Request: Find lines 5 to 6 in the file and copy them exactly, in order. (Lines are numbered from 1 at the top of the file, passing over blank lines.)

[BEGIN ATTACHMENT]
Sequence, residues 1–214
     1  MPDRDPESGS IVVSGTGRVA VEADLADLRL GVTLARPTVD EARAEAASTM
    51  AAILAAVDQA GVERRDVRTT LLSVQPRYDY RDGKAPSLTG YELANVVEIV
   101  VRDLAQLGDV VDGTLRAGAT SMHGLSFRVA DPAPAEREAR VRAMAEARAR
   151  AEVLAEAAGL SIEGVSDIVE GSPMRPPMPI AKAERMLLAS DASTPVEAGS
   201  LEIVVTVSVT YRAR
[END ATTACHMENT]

   151  AEVLAEAAGL SIEGVSDIVE GSPMRPPMPI AKAERMLLAS DASTPVEAGS
   201  LEIVVTVSVT YRAR